Discovery’s seven-member crew began work early today, preparing for a busy day on orbit, including a second spacewalk and a final check of hardware installed on the Hubble Space Telescope during yesterday’s spacewalk.
The primary goal of today’s spacewalk, to be conducted by Mike Foale and European Space Agency astronaut Claude Nicollier, is to install a new computer to replace the one currently in use by Hubble. The new computer is 20 times faster and has six times the memory of the outdated unit being replaced. Nicollier and Foale also will change out one of Hubble’s three Fine Guidance Sensors that are used to precisely point the telescope as it conducts scientific observations. The unit being installed today is a refurbished unit that was removed and returned to Earth by the STS-82 crew during its servicing of the telescope in February 1997. If time permits, the space walkers also may perform some optional “get ahead” tasks. Foale has conducted two previous spacewalks, during the STS-63 mission in February 1995 and again in September 1997 as he and Mir Space Station Commander Anatoly Solovyev conducted a six-hour survey of the Mir. This is Nicollier’s first spacewalk.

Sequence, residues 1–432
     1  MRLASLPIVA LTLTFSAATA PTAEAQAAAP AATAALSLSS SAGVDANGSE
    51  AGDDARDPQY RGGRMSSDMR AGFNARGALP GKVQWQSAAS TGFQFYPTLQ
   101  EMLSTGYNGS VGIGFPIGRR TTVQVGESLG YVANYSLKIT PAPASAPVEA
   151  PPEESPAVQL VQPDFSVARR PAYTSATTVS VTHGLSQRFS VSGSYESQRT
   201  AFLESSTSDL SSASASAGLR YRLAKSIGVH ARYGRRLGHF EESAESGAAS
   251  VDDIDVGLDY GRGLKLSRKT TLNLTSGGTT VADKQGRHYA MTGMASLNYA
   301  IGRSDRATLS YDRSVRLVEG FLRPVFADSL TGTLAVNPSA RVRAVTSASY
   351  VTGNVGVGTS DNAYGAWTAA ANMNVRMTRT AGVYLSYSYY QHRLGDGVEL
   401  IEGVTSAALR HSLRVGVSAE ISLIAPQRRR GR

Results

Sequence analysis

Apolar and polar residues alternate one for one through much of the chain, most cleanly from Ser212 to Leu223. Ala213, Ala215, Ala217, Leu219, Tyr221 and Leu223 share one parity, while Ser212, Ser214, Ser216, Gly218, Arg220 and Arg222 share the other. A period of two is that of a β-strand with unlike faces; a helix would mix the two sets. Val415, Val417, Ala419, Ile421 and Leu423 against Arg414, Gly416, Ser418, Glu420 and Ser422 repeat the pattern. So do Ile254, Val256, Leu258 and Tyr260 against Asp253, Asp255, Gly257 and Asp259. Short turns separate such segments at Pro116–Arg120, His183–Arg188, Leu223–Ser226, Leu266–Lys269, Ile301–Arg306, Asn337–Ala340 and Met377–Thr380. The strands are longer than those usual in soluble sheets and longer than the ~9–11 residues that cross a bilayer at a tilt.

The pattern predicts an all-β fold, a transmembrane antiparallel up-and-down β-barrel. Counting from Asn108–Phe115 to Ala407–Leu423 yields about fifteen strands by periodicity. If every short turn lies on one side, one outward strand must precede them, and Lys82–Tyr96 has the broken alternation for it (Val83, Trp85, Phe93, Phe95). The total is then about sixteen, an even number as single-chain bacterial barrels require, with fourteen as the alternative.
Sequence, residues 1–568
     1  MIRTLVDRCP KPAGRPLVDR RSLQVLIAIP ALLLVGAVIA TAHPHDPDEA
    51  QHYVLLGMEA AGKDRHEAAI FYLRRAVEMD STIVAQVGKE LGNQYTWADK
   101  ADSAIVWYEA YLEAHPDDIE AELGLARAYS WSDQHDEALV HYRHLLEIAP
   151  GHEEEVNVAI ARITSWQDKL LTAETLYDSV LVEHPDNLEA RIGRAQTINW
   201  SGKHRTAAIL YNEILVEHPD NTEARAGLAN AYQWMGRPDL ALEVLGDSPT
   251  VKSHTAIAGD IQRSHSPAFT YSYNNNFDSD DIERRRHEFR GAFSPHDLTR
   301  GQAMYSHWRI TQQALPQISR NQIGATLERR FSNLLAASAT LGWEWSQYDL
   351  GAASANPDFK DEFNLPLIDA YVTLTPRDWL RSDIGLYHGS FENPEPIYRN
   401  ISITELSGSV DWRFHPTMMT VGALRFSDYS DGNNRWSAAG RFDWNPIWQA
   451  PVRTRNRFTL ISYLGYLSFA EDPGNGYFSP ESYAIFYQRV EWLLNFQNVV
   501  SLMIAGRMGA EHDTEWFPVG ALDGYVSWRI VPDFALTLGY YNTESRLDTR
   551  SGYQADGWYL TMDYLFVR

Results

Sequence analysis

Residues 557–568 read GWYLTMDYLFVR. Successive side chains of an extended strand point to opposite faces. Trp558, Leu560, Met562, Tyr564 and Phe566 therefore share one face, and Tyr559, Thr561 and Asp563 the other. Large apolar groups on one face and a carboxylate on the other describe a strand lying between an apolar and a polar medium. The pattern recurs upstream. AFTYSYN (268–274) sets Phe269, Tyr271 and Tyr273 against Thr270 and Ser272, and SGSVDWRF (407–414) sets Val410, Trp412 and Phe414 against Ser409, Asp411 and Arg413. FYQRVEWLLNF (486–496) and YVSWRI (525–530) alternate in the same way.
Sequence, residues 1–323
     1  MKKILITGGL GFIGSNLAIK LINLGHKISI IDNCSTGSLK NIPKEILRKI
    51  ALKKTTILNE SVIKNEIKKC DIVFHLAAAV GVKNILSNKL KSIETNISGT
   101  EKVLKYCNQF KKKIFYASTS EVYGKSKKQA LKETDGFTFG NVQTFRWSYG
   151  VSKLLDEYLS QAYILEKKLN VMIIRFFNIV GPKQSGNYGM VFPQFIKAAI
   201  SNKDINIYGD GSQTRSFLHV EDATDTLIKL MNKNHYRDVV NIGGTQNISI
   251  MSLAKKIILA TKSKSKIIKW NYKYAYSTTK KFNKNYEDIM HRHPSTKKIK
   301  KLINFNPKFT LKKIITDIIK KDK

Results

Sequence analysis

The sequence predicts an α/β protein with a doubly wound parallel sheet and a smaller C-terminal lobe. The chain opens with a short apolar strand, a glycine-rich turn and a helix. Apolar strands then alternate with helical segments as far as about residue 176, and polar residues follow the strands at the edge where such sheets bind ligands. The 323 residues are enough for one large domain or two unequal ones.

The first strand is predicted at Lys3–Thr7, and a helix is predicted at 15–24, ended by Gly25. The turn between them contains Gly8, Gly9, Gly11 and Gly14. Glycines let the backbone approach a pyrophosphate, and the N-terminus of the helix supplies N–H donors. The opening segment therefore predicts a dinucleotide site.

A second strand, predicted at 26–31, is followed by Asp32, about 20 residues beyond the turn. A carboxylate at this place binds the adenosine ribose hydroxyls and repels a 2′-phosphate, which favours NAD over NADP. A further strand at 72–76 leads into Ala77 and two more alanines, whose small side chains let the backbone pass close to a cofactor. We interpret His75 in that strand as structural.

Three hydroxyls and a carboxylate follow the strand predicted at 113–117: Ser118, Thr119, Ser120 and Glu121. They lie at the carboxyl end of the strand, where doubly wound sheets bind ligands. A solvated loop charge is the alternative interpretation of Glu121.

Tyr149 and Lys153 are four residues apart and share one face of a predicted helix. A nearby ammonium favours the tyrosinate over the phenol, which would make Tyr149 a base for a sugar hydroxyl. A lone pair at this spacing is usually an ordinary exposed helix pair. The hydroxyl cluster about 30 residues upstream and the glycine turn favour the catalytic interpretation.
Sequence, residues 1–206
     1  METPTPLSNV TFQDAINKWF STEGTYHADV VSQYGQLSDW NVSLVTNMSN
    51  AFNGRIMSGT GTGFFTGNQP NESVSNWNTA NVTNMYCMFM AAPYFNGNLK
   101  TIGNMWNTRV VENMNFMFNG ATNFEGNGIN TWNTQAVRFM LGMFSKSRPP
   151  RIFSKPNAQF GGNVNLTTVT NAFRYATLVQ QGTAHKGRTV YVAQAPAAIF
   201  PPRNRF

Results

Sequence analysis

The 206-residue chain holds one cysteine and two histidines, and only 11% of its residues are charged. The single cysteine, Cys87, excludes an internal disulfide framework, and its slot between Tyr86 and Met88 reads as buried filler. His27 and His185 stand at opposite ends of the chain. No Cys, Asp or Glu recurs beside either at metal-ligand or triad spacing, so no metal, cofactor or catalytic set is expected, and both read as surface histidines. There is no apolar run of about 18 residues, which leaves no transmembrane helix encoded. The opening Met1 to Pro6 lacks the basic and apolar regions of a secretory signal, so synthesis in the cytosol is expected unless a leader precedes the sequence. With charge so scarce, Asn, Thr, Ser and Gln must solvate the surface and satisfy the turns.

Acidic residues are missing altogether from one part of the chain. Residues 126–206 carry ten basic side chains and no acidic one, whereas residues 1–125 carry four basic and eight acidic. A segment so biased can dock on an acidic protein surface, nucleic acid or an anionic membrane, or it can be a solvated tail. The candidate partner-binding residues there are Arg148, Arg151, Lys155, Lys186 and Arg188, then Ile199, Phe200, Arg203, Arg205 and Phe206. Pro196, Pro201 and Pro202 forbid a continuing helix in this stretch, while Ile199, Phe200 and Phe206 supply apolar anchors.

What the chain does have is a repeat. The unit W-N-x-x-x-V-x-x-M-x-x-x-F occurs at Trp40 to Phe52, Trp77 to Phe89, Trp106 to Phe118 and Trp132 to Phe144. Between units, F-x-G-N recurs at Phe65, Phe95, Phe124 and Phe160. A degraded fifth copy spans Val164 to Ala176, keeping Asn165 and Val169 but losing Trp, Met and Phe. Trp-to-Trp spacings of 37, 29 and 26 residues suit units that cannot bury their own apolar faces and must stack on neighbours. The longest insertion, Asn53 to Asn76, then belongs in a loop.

Today’s spacewalk is scheduled to begin at 1:50 p.m., but could begin earlier if the crew members complete their preparations ahead of schedule. During the spacewalk, Foale can be recognized by the broken red stripes on the legs of his EVA suit, and Nicollier by the diagonally broken red stripes on his suit.
Discovery’s astronauts also supported a functional test of the voltage temperature improvement kits – referred to as VIKs – installed by Steve Smith and John Grunsfeld during their spacewalk yesterday. To ensure the checkout is complete prior to the start of today’s scheduled EVA, the astronauts began the work shortly after crew wake-up. During the 90-minute long checkout, investigators will monitor the performance of the voltage kits as the telescope’s batteries are charged.
This morning’s wake-up music honored the two space-walking astronauts, Nicollier and Foale. Traditional Swiss music was played for Nicollier and the song “Only When I Sleep” by The Corrs was played for Foale.
Discovery remains in excellent condition, in an orbit with a high point of 380 statute miles and a low point of 369 miles. The next status report will be issued at 11 p.m. or as events warrant.
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